“And why did you come to the pub with us?”
Sherlock’s face goes from rigid to knowing. “Because if I had gone home, there would be a gunman waiting for me.”
“No, my turn. Why the woman and not the man?”
“Because… probably because you and Lestrade were here.” It’s honest enough. “And why would there be a gunman at your home?”
“Two reasons. First, he knows I called the SIS tonight. That will have angered him. Second, he knows you are now with me. That will have infuriated him.”
“Him? Not the gunman. Who the bloody—?”
“—No, that was two answers for the price of one question. If I leave now, would you go for the man? He was rather put out when you went to talk to Sarah.”
“Am I going to leave with him? No! You just fucking told me that there’s a gunman sitting with his gun cocked on your sofa. Now, who is the ‘he’ that sent him there?”
“A despicable criminal mastermind with a brain crush on me. When you think about it, it’s quite flattering, really. Every girl’s dream. He likes me for my mind.”
“Oh, for the love of—that’s half an answer. Name?”
“I don’t know his name. I’m still searching.” Sherlock’s pout is pure frustration, but then his face brightens. “Wait—I have a plan.”
John rears back with distrust. “Should I ask?”
“No,” Sherlock stands and straightens his coat. “I think we are done with questions.”
Sherlock’s plan is, as to be expected, both brilliant and barmy. To be fair, it’s not as bad as it could be. John is to go around back, up the fire escape on the adjoining building and then go in through the upstairs window. After securing his landlady (which seems to be Sherlock’s chief priority), Sherlock is going to open the door to his apartment, and as he says, “smoke the fox out of the hole.”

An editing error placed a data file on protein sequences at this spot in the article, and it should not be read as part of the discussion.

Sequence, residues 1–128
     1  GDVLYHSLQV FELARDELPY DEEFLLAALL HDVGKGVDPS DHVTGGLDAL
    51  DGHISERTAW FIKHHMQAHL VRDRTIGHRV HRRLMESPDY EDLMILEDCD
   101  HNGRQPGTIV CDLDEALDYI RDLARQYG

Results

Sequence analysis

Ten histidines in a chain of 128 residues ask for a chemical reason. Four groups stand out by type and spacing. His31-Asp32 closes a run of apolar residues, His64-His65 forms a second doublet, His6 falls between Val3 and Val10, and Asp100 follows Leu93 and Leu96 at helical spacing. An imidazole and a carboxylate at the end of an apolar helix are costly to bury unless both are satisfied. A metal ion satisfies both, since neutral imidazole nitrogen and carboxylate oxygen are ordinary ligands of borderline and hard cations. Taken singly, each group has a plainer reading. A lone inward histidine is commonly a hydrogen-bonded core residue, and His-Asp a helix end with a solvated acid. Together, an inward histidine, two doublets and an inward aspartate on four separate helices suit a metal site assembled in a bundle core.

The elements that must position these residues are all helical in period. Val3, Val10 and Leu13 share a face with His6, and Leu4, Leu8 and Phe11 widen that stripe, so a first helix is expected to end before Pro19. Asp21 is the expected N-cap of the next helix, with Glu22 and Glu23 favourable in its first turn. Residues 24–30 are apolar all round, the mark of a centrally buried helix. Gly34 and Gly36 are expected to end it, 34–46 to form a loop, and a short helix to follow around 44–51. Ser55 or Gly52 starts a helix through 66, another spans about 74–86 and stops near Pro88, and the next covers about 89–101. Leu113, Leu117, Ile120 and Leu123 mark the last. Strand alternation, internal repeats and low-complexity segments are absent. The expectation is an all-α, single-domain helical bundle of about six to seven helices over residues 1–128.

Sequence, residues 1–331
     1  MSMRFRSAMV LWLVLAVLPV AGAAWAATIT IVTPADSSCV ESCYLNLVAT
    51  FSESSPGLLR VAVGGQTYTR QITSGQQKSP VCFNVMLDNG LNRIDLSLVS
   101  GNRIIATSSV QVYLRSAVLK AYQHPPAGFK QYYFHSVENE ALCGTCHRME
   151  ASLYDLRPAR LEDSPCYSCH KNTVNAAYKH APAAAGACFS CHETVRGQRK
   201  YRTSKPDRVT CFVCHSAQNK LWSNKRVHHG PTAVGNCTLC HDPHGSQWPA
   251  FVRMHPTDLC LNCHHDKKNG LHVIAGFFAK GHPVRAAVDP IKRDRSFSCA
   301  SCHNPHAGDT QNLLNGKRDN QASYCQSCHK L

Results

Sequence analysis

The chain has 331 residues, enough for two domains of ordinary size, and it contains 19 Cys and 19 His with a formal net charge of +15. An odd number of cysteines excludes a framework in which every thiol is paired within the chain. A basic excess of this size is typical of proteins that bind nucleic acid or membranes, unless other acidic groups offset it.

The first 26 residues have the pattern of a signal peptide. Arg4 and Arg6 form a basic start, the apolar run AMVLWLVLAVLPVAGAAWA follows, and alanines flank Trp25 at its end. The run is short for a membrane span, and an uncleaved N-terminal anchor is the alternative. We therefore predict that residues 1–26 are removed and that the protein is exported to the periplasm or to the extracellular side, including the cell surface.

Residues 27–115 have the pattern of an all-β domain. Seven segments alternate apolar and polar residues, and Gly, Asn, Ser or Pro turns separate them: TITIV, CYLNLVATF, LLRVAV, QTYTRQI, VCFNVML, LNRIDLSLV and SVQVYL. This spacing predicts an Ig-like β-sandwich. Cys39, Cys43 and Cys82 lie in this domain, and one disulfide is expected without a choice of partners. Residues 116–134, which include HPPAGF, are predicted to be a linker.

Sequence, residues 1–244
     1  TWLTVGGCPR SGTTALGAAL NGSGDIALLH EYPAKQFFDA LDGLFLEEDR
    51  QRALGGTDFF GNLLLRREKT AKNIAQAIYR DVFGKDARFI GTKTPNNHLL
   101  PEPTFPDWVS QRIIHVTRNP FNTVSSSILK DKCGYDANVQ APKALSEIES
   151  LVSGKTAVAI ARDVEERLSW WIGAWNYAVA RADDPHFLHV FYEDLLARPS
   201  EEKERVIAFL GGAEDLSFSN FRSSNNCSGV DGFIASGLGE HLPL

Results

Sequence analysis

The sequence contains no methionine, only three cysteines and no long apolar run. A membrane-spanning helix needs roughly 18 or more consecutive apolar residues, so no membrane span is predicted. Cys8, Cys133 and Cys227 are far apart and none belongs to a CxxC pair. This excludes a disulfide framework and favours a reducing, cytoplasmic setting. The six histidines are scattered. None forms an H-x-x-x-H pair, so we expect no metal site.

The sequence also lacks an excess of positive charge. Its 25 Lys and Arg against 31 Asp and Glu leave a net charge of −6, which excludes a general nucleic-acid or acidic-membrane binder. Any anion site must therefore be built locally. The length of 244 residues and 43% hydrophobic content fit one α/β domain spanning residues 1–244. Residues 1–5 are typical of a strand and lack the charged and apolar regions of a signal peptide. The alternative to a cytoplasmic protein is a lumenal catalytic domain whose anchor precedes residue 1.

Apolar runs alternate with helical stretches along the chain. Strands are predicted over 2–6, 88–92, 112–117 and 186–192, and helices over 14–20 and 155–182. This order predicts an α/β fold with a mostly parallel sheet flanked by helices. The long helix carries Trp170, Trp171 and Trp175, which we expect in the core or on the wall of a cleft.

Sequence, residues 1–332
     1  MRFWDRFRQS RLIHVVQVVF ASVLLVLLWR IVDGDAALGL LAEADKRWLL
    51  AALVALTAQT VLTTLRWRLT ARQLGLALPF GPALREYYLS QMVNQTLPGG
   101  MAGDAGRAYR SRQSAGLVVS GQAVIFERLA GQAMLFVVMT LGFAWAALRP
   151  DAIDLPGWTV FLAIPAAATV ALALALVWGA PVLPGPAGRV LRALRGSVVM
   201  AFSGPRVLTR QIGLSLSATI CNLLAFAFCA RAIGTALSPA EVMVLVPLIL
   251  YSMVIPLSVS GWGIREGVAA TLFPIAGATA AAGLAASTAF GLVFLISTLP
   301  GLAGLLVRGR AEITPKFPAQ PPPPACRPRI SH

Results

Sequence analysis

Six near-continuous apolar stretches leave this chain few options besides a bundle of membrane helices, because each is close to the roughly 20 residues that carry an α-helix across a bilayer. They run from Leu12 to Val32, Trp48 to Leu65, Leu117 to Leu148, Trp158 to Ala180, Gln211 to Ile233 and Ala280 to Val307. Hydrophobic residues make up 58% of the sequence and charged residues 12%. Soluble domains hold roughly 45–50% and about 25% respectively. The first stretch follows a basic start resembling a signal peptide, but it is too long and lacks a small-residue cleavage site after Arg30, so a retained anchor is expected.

“Assuming the fox doesn’t pop a bullet in your brain.”
“Oh, don’t be daft. This is a warning. At worst our shooter has orders to maim. Our mastermind is having far too much fun to kill me.”
“Fun,” John repeats.
Sherlock’s head cocks in his direction. “Yes, doctor. I’m not describing to you anything you don't feel. War may not be kind or just, but don’t deny the soldier’s gleam in your eyes.”
John isn’t denying it, but still, he’d never label it as fun. And more importantly... “This is London. It’s not the Middle East.”
Sherlock glares at him. “As far as I’m concerned, this is my home, and it’s under siege. There is no more basic defence.”
John wonders if Sherlock knows how his words affect John, if this is blatant manipulation, or if Sherlock believes in what he’s saying. Either way, he has that feeling in his chest again. His whole body feels loose, like he’s primed to jump off buildings or shoot-to-kill between the ribs for the heart. Regardless, he doesn’t answer Sherlock. He only loads the gun.
“Now, we just need to make a little side trip. I need some chemicals.”
Of course, by “chemicals,” Sherlock means highly volatile compounds purchased from a dodgy back alley fellow.
In a nearby restaurant kitchen (Sherlock claims to know the owners, “who won’t mind”), the man proceeds to make some kind of smoke bomb. “One that won’t smell,” he explains. “Normally I wouldn’t go to the trouble, but this is my flat, and I don’t want this interfering with my experiments.”